Blood flow restriction training: a novel approach to augment clinical rehabilitation: how to do it

  title={Blood flow restriction training: a novel approach to augment clinical rehabilitation: how to do it},
  author={Stephen David Patterson and Luke Hughes and Paul Head and Stuart Anthony Warmington and Christopher Roy Brandner},
  journal={British Journal of Sports Medicine},
  pages={1648 - 1649}
Strength training forms a pivotal part of rehabilitation. Heavy-load strength training (60%–70% one-repetition maximum (1RM)) has been traditionally prescribed to improve muscle strength, body mass and function,1 but may be unattainable and/or confer increased risk of adverse consequences in individuals with a musculoskeletal (MSK) impairment. The challenge faced by clinical practitioners is how to effectively and safely adapt training loads throughout rehabilitation. In the past decade… 

Blood Flow Restriction in Exercise and Rehabilitation

INTRODUCTION raditional weight training protocols rely on heavy-load Tresistance to induce muscle hypertrophy and strength improvement. Conventionally, 70% of an athlete’s one-repetition maximum

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As BFR exercise provides an additional intervention to improve functional capacity by increasing muscle strength, mass and endurance, it’s utility in mitigating sarcopenia and dynapenia in at risk individuals (ie, frail elderly, postoperative) is becoming more apparent.

Blood Flow Restriction (BFR) Therapy in Musculoskeletal Rehabilitation

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From the evidence available, blood flow restriction exercise of multiple modalities improved objective measures of physical function indicative of activities of daily living.

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This chapter outlines a progressive model for rehabilitation following surgery and sets out a step-by-step process of how to integrate BFRT to attenuate muscle atrophy and maximise recovery postoperatively.

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Blood Flow Restriction Training in Rehabilitation Following Anterior Cruciate Ligament Reconstructive Surgery: A Review

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It seems reasonable to hypothesize that resistance training with BFR is a promising new strategy to boost the effectiveness of resistance training interventions regarding cognitive performance, and rationales of possible adaptation processes induced by resistance trainingWith BFR are provided.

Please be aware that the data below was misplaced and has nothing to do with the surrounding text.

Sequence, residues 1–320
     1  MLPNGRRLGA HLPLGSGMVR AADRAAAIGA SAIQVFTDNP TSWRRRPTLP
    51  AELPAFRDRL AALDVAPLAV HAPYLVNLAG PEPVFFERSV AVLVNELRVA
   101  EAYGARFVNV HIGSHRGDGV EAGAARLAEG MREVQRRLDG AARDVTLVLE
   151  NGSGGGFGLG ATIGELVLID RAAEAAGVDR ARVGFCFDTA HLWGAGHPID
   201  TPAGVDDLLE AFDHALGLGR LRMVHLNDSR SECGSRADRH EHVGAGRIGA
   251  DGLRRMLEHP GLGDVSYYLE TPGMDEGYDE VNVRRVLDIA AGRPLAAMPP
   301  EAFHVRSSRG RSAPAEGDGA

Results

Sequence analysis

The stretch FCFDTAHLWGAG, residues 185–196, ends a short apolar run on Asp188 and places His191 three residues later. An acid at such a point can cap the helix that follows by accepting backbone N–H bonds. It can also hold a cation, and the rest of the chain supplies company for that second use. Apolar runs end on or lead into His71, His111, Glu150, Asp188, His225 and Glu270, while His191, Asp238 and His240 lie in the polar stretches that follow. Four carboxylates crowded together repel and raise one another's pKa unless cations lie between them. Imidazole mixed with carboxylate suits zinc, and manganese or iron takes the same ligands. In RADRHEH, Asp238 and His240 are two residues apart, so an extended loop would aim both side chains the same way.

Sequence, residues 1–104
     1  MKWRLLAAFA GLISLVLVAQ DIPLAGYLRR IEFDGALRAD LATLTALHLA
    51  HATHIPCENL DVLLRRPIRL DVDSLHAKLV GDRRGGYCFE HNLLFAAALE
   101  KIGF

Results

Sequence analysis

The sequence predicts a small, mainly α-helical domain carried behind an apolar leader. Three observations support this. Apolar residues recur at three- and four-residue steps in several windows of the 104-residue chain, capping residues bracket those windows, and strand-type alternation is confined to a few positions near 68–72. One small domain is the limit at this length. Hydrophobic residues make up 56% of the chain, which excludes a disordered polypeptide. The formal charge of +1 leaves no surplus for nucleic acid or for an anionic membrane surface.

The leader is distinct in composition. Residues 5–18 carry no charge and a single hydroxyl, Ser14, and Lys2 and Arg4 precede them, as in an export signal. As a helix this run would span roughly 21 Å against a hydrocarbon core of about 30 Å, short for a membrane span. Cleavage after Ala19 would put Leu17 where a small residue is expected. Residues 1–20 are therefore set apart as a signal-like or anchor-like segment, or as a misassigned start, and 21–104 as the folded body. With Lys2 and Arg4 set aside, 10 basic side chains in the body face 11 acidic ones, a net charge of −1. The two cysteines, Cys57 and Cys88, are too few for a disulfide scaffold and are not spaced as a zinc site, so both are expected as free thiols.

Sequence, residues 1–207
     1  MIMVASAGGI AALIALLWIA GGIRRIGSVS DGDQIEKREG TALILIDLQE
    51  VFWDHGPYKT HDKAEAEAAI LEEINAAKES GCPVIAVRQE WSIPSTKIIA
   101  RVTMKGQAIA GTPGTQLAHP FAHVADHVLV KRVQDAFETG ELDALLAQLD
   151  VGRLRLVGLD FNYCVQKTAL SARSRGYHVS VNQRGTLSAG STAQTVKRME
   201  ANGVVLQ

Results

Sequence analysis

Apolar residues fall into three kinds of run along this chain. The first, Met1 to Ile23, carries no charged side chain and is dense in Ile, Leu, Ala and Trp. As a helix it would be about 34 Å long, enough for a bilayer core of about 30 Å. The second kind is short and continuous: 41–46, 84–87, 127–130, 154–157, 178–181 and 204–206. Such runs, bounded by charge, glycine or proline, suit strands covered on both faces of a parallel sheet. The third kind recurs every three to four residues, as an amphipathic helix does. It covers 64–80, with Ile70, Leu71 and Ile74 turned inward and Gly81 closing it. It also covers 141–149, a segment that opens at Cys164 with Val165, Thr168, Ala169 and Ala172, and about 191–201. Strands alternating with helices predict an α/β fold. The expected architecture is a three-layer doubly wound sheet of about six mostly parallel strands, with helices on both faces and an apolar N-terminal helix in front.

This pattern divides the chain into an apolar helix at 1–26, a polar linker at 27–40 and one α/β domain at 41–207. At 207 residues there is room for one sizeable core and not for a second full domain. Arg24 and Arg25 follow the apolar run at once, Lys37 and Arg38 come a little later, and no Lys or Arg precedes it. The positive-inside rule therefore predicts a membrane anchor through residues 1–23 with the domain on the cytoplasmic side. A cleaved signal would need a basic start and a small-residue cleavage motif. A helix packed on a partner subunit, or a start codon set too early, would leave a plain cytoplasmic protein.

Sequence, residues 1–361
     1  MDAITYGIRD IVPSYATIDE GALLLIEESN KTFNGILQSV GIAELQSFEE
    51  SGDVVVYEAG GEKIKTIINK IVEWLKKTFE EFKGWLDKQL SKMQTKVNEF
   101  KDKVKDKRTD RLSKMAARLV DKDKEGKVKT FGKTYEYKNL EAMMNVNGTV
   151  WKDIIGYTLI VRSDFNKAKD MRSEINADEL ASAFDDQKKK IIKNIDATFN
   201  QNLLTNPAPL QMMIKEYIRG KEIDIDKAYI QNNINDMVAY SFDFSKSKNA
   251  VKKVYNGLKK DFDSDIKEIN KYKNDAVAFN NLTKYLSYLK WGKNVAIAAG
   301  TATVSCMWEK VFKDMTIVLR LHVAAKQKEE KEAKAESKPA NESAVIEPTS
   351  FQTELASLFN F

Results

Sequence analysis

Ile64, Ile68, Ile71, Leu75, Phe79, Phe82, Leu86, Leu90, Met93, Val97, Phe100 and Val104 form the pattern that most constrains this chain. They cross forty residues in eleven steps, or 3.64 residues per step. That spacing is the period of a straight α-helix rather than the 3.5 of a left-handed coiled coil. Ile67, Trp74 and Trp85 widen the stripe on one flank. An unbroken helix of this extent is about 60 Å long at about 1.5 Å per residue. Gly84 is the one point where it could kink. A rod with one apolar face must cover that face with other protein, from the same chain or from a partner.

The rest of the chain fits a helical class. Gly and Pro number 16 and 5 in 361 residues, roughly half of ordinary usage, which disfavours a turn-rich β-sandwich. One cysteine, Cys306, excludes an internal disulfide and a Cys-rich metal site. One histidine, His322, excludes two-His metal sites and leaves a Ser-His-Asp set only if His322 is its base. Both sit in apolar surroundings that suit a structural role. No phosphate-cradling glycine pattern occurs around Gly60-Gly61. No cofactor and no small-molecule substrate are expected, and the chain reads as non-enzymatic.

Blood Flow–Restricted Training for Lower Extremity Muscle Weakness due to Knee Pathology: A Systematic Review

Context: Blood flow–restricted training (BFRT) has been suggested to treat lower extremity muscle weakness. The efficacy of BFRT for muscle problems related to knee pathology is unclear. Objective:



Blood flow restriction training and the exercise pressor reflex: a call for concern.

Although altered EPR function in HTN, HF, and PAD underlies the concern for the widespread implementation of BFR, use of this training mechanism may also have negative consequences in the absence of disease.

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The results indicate that the use of BFR training is widespread amongst practitioners; however, care should be taken to ensure that practice matches current research to ensure the safety of this technique.

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American College of Sports Medicine position stand. Quantity and quality of exercise for developing and maintaining cardiorespiratory, musculoskeletal, and neuromotor fitness in apparently healthy adults: guidance for prescribing exercise.

This document supersedes the 1998 American College of Sports Medicine (ACSM) Position Stand, "The Recommended Quantity and Quality of Exercise for Developing and Maintaining Cardiorespiratory and Muscular Fitness, and Flexibility in Healthy Adults."

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Effects of cuff width on arterial occlusion: implications for blood flow restricted exercise

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Potential safety issues with blood flow restriction training

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